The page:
> By comparison, note Adam Back and my own efforts to ensure miners have a
> smaller part in the ecosystem, with things like committed (encrypted)
> transactions and my closed-seal-set/truth-list approach(1). We want to involve
> miners as little as possible in the consensus, not more.

I agree that miners should have as little influence as possible (and
they probably agree, as well). But a 51% group can filter any message
they like from the blockchain. For sidechains, there will need to be two
public networks, so concealment is not an option.

And, I repeat, for regular users of Bitcoin Core, drivechain does not
make a 51% group more dangerous than they already are.

Moreover, there are cases [1] where miner-involvement can make a big
_positive_ impact. Just as it can be beneficial (essential, in fact) for
Bitcoin to filter out harmful interactions among txns (in other words,
good for miners to filter out double spends), I have discovered
situations where it is beneficial and essential for miners to filter out
harmful interactions among multiple chains.

So I think I am actually hitting the "as little as possible" target.

[1] http://www.truthcoin.info/blog/wise-contracts/#wise-contracts

> I have to ask: What use-cases do you actually see for drivechains? Why can't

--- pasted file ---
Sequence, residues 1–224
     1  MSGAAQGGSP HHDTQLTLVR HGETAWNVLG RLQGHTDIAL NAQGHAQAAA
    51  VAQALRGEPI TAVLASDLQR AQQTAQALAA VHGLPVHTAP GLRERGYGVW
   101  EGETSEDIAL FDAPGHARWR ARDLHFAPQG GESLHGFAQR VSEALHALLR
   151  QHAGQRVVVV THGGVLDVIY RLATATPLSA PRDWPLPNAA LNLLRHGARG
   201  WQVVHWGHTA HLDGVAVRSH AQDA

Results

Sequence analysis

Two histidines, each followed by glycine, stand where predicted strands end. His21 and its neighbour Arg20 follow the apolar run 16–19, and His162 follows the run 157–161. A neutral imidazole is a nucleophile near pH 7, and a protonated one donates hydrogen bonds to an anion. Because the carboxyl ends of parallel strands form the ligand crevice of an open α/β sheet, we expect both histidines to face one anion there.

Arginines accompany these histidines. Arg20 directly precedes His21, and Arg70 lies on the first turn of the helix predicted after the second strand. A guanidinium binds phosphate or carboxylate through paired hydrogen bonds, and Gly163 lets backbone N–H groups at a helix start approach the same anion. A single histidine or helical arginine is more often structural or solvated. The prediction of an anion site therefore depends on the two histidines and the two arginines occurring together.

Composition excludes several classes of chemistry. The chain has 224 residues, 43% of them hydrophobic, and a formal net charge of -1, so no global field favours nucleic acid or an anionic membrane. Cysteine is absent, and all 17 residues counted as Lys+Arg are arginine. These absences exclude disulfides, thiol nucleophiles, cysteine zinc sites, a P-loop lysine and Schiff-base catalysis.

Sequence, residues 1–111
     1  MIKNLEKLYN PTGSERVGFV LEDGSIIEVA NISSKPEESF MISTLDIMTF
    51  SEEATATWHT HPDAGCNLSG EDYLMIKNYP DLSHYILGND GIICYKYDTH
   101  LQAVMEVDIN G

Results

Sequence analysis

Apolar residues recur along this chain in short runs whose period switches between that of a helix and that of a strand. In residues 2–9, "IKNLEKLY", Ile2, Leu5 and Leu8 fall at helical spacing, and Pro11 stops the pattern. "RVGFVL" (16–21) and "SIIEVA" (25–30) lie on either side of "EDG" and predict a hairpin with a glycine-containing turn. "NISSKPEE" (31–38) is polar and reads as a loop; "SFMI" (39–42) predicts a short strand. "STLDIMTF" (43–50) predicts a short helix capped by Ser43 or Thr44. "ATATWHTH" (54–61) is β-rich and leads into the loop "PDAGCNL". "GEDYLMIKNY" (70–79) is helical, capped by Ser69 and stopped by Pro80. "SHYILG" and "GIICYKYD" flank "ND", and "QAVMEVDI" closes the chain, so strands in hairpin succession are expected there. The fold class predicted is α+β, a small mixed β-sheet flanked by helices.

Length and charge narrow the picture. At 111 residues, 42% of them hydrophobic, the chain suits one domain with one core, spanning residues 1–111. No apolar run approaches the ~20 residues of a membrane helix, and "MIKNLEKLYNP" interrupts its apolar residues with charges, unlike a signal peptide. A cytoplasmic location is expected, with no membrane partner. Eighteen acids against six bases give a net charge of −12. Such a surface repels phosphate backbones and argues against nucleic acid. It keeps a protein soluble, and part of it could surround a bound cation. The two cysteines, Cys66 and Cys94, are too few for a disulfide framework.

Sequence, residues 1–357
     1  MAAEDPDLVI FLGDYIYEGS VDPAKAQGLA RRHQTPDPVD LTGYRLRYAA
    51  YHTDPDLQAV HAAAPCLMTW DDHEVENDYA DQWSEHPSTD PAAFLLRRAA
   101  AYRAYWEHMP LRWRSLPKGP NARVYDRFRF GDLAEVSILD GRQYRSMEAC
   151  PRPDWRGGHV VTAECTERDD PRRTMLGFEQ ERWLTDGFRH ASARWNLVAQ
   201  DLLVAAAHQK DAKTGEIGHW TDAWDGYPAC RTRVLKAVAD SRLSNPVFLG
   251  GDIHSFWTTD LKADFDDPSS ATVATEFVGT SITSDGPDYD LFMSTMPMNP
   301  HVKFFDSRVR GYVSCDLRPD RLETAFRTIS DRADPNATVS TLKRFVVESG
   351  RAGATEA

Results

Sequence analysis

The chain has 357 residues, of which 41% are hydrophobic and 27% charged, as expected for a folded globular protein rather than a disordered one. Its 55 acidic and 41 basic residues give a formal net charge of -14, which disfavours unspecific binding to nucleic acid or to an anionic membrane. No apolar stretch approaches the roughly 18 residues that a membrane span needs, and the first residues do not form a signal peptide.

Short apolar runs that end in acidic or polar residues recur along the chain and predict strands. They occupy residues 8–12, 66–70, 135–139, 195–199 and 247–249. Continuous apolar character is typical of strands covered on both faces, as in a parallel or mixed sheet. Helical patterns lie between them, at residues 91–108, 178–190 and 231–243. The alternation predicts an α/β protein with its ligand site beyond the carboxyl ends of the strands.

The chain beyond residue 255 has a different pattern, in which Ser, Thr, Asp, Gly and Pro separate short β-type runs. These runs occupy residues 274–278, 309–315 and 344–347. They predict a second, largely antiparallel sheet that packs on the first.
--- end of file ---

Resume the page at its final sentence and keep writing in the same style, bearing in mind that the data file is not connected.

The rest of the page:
Here is a tentative project list:

And, as I say on the FAQ, "If each individual user is free to sell
his/her BTC in exchange for an Altcoin (or for fiat), we can hardly deny
users the opportunity to move their money between two sidechains."

So, in a strong way, the entire altcoin market makes the case for a
usefulness of sidechains. Bitcoin is a form of money, and only one form
of money can exist per currency area. So, if Bitcoin is not the winner,
it will eventually cease to exist altogether. Altcoin-competition is an
existential threat to Bitcoin, one which is far more relevant than
anything you've presented so far.

Secondly, one important value of permissionless innovation is that one
doesn't really know, today, what cool ideas other people are going to
come up with tomorrow. If you did, they'd be today's ideas.

Third, Core's review process has two opposite problems: on one hand it
is slow and grueling, and on the other it is fraught with the
possibility of catastrophic error. It would be better, for everyone, to
allow people to try their own (non-aggressive) experiments, and to make
their own mistakes. Already, I have seen the review process abused to
create/maintain fiefdoms of expertise, so that the abusers can extract
money from clients/employers/VCs.

Just think of all of the free time you would have, Peter, if you didn't
have to spend it all reviewing these projects!

> those use-cases be done in the much safer client-side validation fashion?

? How is drivechain _not_ within the category of client-side validation?
With BMM, validation is only performed by those users ("clients") who
opt-in to the new features. The economic model of BMM is directly
comparable to that of Bitcoin's PoW -- the highest-bid chain should be
the healthiest one.

Can you post the Github link for your most up-to-date client-side
validation work so that we can compare the safety and other features?


> 1) https://petertodd.org/2016/closed-seal-sets-and-truth-lists-for-privacy